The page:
All those are smaller states than Virginia, four of them especially so – Minnesota being the exception. Of the other four, the biggest is Connecticut with 3.6 million, the smallest is Alaska at fewer than 734,000 people. Virginia is home to 8.6 million. The less populous the state, the more personal the politics can be, opening the door for more, shall we say, unusual politics. Most of the winning independents involve candidates who were well-known in the state before they ran. In Alaska in 1989, Wally Hickel was a former governor and former interior secretary under President Richard Nixon. In Connecticut in 1990, Lowell Weicker was a former U.S. senator. In Rhode Island in 2020, Lincoln Chaffee was a former U.S. senator. In Maine in 1994, Angus King was a popular host on public television in a state of barely 1.3 million. Riggleman’s one term as congressman from the 5th District does not make him a statewide figure in a way that those candidates were, his appearance on “60 Minutes” in his role as a former investigator for the House’s Jan. 6 committee notwithstanding.
The Alaska governor’s race of 2014 provides another exception: Bill Walker was a former Republican who ran as an independent, but also ran with the endorsement of the state’s Democratic Party.
Once we set aside candidates who previously held statewide office, or the weirdness of the 2014 Alaska governor’s race that had no Democratic candidate, that leaves us with just two other examples of independents defeating both a Democrat and a Republican to win a governorship: James Longley in Maine in 1974 and Jesse Ventura in Minnesota in 1998.
Longley was a long time ago in a small state; Maine at the time was home to fewer than 1 million people, so not that much bigger than one of Virginia’s current congressional districts.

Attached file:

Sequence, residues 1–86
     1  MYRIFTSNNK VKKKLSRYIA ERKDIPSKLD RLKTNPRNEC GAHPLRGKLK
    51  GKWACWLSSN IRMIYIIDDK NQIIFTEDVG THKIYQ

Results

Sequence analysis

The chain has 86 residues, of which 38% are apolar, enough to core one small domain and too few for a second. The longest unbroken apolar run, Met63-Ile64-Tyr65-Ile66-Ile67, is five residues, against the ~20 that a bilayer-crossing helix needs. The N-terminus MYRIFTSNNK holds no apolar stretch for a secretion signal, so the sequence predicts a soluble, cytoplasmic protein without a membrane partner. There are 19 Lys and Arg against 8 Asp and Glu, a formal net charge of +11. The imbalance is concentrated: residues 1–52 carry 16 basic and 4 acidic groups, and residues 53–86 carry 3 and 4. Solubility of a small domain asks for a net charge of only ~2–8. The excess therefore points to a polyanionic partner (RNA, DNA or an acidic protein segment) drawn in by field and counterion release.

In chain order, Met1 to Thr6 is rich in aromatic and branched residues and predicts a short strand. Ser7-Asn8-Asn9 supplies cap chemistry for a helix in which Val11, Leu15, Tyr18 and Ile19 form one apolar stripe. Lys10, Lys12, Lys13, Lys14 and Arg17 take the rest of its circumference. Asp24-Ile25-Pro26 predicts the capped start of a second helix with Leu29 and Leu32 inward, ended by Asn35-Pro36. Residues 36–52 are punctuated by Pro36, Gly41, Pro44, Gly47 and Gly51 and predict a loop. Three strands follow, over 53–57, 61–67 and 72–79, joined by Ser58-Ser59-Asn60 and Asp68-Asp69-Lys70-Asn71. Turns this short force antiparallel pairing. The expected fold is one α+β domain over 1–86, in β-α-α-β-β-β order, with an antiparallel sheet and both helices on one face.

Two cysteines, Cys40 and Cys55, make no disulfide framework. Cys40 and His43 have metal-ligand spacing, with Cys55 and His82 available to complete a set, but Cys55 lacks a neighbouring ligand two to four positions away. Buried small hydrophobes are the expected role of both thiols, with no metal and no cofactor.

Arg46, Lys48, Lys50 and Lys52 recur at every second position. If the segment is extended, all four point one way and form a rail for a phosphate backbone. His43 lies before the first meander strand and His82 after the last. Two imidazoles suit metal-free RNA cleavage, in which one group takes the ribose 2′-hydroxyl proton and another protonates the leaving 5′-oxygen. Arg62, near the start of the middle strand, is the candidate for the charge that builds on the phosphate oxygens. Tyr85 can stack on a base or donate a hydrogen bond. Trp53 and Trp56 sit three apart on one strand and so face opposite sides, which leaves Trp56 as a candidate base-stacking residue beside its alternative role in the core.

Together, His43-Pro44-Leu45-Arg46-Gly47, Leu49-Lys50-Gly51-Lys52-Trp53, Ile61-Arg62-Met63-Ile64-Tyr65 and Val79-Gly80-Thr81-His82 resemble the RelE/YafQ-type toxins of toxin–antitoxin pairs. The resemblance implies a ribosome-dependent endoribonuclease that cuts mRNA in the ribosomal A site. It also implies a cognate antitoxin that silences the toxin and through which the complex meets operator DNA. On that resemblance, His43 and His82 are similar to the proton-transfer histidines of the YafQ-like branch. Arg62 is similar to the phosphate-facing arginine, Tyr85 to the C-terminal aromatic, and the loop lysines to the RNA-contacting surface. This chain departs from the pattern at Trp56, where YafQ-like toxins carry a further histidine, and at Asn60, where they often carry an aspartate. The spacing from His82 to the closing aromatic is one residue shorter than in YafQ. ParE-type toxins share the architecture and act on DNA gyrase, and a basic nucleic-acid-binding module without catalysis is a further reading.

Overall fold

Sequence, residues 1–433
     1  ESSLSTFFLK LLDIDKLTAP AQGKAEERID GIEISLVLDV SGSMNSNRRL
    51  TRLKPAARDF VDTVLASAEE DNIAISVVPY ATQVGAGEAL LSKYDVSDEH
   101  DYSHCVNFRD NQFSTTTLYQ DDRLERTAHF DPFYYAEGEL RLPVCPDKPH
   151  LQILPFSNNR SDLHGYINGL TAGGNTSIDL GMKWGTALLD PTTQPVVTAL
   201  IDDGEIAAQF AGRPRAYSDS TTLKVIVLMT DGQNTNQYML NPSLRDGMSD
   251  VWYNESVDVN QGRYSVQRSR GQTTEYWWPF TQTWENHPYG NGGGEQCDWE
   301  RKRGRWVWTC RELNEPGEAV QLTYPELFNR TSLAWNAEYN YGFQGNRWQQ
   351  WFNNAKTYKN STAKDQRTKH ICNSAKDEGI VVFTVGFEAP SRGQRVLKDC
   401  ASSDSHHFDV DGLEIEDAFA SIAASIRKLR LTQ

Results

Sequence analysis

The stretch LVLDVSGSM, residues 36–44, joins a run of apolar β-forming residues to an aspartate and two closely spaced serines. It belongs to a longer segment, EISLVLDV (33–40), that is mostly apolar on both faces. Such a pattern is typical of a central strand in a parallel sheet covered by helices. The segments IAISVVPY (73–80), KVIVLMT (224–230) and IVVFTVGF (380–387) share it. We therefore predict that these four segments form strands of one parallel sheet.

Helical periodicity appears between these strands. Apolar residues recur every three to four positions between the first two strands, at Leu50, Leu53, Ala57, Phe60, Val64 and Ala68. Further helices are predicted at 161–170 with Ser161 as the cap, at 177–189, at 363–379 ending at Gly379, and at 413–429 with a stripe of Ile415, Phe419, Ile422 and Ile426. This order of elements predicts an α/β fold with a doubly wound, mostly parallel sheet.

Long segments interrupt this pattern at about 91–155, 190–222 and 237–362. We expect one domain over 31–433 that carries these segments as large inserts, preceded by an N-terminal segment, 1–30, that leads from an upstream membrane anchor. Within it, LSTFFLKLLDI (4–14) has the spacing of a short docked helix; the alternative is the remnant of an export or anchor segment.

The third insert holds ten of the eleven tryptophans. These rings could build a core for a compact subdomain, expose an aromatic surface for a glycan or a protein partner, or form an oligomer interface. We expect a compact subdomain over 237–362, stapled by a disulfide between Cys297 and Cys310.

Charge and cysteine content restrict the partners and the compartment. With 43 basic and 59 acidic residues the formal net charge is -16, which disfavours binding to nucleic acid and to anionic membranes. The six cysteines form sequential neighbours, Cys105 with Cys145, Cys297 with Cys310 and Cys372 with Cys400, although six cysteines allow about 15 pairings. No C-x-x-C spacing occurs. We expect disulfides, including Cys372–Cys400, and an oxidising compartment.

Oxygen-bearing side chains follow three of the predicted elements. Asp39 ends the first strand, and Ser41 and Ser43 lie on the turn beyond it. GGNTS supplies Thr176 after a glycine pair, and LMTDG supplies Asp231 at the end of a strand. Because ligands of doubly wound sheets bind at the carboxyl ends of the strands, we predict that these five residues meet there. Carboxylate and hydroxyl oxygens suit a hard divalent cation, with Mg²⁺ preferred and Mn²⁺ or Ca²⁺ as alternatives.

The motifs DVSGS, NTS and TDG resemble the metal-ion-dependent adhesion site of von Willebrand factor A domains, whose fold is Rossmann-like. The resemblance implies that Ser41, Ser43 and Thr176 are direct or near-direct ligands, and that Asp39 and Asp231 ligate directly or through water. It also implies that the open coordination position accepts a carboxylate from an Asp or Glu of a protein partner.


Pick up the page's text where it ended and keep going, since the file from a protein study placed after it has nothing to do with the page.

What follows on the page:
Ventura – a former pro wrestler – was the most unusual exception and I suppose there are exceptions to everything.
So it’s not impossible for an independent to win, but it’s obviously very hard. Both parties have a corps of activists at the ready for the groundwork of politics – knocking on doors, phone banking, the whole business of identifying potential voters and getting them to the polls. Even the weakest party nominee has some structure to call upon; an independent has nothing. Third-party candidates also face the “wasted vote” challenge. Some voters are willing to cast their ballot for a candidate they know won’t win – that’s how Sarvis got 6.5% of the vote in 2013 – but most aren’t willing to do that. Third-party candidates often poll well at the outset when voting is more theoretical but as Election Day approaches, they fade – voters either don’t want to waste their votes or they become concerned that the “wrong” candidate might win, so they vote for a major-party candidate, who they may not like, just to block another major party candidate who they like even less.
So I don’t put much stock in the prospect of Riggleman as an independent candidate – at least not under Virginia’s current election setup. Here’s a thought experiment: How would he, or some other independent, fare if Virginia had ranked-choice voting?